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03.03.17 / Getting back on a bike, after a 20 year hiatus.

It’s fair to say I haven’t been on a bike – properly – for a few years. Ok, make that over 20. Apparently I was never that interested as a kid and as an adult I haven’t had much reason to re-engage. Until February, when our social trend was cycling. We’ve lived the trend across the team in various ways, and mine was to get back on the bike.

I’ve watched cycling become more prevalent amongst friends and work colleagues for the last few years, and I have to say I get pretty envious that they can just jump on a bike and zip across town. It’s more often than not the most efficient way of getting around (I always have to set off earlier to meetings), it’s also cheap, better for you and you get out in the fresh air (well, you get outside, which is always a bonus when you run your own office-based business!). So I was keen to get back on those two wheels and join the cycling masses.

Now, all this sounds quite easy. Get a Boris bike, hit the road, job done. What’s more, I do a lot of other sport, I go spinning at least once a week and I’m not particularly nervous about trying new activities that involve speed. But the thought of getting on something with two wheels, in London, with buses (and taxis, and cars, and motorcyclists, and other cyclists) terrifies me. So I slightly copped out (before you say it) and started with something a little less daunting – a bike ride in the comfort of the New Forest. Roads were involved… but so were some very nice tracks. The perfect reintroduction. That said, I think unpredictable horses and rather large potholes were very similar to weaving in and out of London traffic, and negotiating other moving objects.

The guy who I rented the bike off clearly wasn’t convinced I knew how the gears worked (I pretty much did…), so insisted on showing me. He also suggested a mountain bike over a road bike (“much easier to ride”). I then set off, with a chaperone in case I came into any ‘trouble’.

I’d like to start by saying I didn’t fall off, at any point. Evidence right here:

It did however become quite clear to me what I need to learn/overcome, should I hit the streets of London any time soon:

  • Confidence on the bike. I was very happy going down a straight track with no one else for miles around. I got up some speed and started to test some sharper steering (around previously mentioned potholes). As soon as a car, gate or pedestrian got in my sights, however, slight panic and wobble ensued.
  • Spatial awareness needs work. Any narrow parts (a meter-wide bridge in this case) left me wobbling all over the place. Not great. Zipping between vehicles is an anticipated problem.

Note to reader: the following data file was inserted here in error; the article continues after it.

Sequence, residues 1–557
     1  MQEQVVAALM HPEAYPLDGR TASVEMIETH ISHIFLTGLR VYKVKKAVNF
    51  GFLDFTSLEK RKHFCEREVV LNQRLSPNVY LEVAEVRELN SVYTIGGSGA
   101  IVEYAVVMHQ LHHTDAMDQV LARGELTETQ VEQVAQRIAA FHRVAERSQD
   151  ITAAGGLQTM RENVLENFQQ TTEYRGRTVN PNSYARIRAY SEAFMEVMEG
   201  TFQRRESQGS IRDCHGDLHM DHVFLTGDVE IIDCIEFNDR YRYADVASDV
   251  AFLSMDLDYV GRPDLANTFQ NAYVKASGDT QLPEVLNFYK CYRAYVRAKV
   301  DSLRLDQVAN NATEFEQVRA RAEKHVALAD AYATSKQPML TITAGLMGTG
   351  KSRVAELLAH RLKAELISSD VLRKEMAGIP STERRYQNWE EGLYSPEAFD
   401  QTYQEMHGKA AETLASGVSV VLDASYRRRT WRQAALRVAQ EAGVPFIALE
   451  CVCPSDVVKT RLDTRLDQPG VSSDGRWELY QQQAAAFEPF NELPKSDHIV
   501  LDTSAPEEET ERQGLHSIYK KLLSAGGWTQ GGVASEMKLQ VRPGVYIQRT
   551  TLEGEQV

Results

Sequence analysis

• I can’t ride and navigate. No women-jokes please, I’m perfectly capable of navigating but it was all a bit much trying to read a map, relearn how to ride a bike and be aware of my surroundings, safely.
  • What to do with cars. Two issues here, firstly turning around to look at where cars were brought about an unnerving wobble (for me and said driver). Secondly, I never did my cycling proficiency so I’m not entirely sure of the rules of the roads. Do you stick your whole arm out when turning?! How do you know if a vehicle if going to suddenly overtake you while you’re turning?! Turning… That was another thing. Case in point here – a particularly dodgy navigation of a junction! I stop miles away from the actual junction and the restart is, well, wobbly… But just look at that solid arm movement. Ahem.

  • It’s SO dirty, I was utterly filthy by the time I’d finished – legs, arms, face, hair, all covered in mud. I’d have to buy a whole wardrobe dedicated to cycling because clearly you can’t wear your work clothes while riding.

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I now have full admiration for those who ride in London. I’m a long way off that but I loved the freedom of just jumping on a bike and getting to where I needed to be. And you get all the great exercise endorphins – which are definitely not available on the Northern line…

I will definitely be cycling again in the New Forest, just look at this view.

But I do have a big jump to take that bike to London’s roads. The thought of trying to navigate, not being run over or thrown off my bike AND being safe is still terrifying. But maybe, with a chaperone, I could venture onto one of the cycle highways. And, as part of this journey, I’ve discovered TfL have a great initiative, which aims to get people like me feeling more confident on a bike – hosting free adult cycling training in boroughs across the city.

And now we’re offering a free bike to everyone at OneFifty, as part of our benefits package, I really have run out of excuses. After all, if over 600K Londoners can do it, surely I can!

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